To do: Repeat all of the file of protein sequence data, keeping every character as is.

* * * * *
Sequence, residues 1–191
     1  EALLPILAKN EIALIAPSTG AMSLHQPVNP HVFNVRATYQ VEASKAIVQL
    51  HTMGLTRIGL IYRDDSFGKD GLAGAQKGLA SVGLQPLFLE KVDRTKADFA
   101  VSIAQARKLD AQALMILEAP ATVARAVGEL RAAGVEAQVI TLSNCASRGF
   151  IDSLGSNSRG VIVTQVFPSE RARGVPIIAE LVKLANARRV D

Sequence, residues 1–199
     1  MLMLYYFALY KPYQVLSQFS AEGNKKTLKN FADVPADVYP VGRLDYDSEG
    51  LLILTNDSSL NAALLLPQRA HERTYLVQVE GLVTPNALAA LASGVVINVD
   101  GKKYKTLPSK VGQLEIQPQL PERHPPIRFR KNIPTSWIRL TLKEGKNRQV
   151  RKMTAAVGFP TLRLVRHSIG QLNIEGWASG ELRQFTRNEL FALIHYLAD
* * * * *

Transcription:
Sequence, residues 1–191
     1  EALLPILAKN EIALIAPSTG AMSLHQPVNP HVFNVRATYQ VEASKAIVQL
    51  HTMGLTRIGL IYRDDSFGKD GLAGAQKGLA SVGLQPLFLE KVDRTKADFA
   101  VSIAQARKLD AQALMILEAP ATVARAVGEL RAAGVEAQVI TLSNCASRGF
   151  IDSLGSNSRG VIVTQVFPSE RARGVPIIAE LVKLANARRV D

Sequence, residues 1–199
     1  MLMLYYFALY KPYQVLSQFS AEGNKKTLKN FADVPADVYP VGRLDYDSEG
    51  LLILTNDSSL NAALLLPQRA HERTYLVQVE GLVTPNALAA LASGVVINVD
   101  GKKYKTLPSK VGQLEIQPQL PERHPPIRFR KNIPTSWIRL TLKEGKNRQV
   151  RKMTAAVGFP TLRLVRHSIG QLNIEGWASG ELRQFTRNEL FALIHYLAD